Prince Harry received plenty of backlash after criticizing his upbringing in a recent podcast interview. Still, sources close to the royal say that his own father, Prince Charles, had similar complaints.
This week, royal aides said the 36-year-old prince showed a “lack of compassion” for his family, including his grandmother, Queen Elizabeth II, by suggesting that he had been failed during his childhood by his father, Prince Charles.
Prince Harry sat down with Dax Shepard on his Armchair Expert podcast and spoke of the “cycle” of “genetic pain,” which he claimed he and his wife, Meghan Markle, had moved to the US to break for the sake of their son, Archie Harrison Mountbatten-Windsor.
He said that he had been brought up the way his father had, suggesting that the Queen and the late Prince Philip had failed their own son, Prince Charles, when he was growing up.
Prince Harry said: “I don’t think we should be pointing the finger or blaming anybody, but certainly when it comes to parenting, if I’ve experienced some form of pain or suffering because of the pain or suffering that perhaps my father or my parents had suffered, I’m going to make sure I break that cycle so that I don’t pass it on, basically. It’s a lot of genetic pain and suffering that gets passed on.”
However, sources close to Prince Harry drew comparisons between his recent interview and a biography written almost 30 years ago with tell-all details of his own father’s upbringing.
In a 1994 biography authorized by Prince Charles and written by Jonathan Dimbleby after many candid and personal interviews, the future king opened up about his own unhappy childhood.
The book — The Prince of Wales: A Biography — was interpreted by many people at the time as an insight into the breakdown of Prince Charles’s short marriage to Diana, Princess of Wales.
Prince Charles via Dimbleby told the miserable story of his childhood filled with tears and two emotionally distant parents.
The heir to the throne claimed that he was bullied by his father and an aloof mother who greeted him with a handshake after she had been away from him for half of a year.
Dimbleby wrote that Charles was: “Easily cowed by the forceful personality of his father, whose rebukes for a deficiency in behaviour or attitude… easily drew tears.”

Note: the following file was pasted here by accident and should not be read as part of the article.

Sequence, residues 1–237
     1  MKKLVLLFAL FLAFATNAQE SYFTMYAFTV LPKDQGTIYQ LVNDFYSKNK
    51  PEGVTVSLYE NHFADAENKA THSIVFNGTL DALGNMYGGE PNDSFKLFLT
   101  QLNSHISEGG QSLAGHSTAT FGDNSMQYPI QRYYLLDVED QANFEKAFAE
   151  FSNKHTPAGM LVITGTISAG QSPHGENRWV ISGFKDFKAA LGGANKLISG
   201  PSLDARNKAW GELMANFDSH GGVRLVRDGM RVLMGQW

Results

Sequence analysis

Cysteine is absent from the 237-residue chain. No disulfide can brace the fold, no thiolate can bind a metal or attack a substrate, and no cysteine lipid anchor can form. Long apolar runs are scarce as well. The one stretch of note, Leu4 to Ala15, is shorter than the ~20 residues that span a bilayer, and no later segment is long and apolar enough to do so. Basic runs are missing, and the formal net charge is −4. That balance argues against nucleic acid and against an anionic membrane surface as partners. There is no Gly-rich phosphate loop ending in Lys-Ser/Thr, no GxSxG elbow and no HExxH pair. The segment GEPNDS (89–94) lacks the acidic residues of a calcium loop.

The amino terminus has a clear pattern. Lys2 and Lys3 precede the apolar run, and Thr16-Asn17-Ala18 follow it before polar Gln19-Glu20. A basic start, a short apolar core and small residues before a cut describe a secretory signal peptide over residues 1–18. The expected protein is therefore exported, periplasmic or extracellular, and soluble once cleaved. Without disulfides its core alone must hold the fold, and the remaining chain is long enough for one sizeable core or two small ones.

A friend, who spoke to Dimbleby with Prince Charles’s permission, had some harsh words for the late Prince Philip, Duke of Edinburgh.
The pal said Queen Elizabeth’s husband was “belittling” and even “bullying” his son. Prince Charles described his mother as “not indifferent so much as detached.”
Prince Charles was asked if the reports were true and that Prince Philip was a “tough disciplinarian,” and if he had been told, “to sit down and shut up.”
Prince Charles replied by saying: “The whole time, yes.”
Dimbleby wrote in the biography that Prince Charles suffered emotionally while at the boarding school, Gordonstoun, the same one Philip went to.
Prince Charles said: “It’s such hell…It’s such a hole here…The language people use is horrid.”
Writer Sally Bedell Smith confirmed Prince Charles’s cold and unhappy childhood by writing in Vanity Fair: “That lack of tactile connection was achingly apparent in May 1954, when the Queen and Prince Philip greeted 5-year-old Charles and 3-year-old Anne with handshakes after an absence of nearly six months on a tour of Commonwealth nations. Martin Charteris, Elizabeth’s onetime private secretary, observed that Charles ‘must have been baffled by what a natural mother-son relationship was meant to be like.’”
However, royal aides have called for Harry and Meghan to give up their titles, saying that there is a feeling of “betrayal” and “bewilderment” in Buckingham Palace.
Prince Harry has joined Oprah Winfrey for a new series on mental health, available on Apple TV+.
A recent trailer for the series showed 13-year-old Prince Harry watching the coffin of his mother, Princess Diana passing him during her funeral in 1997.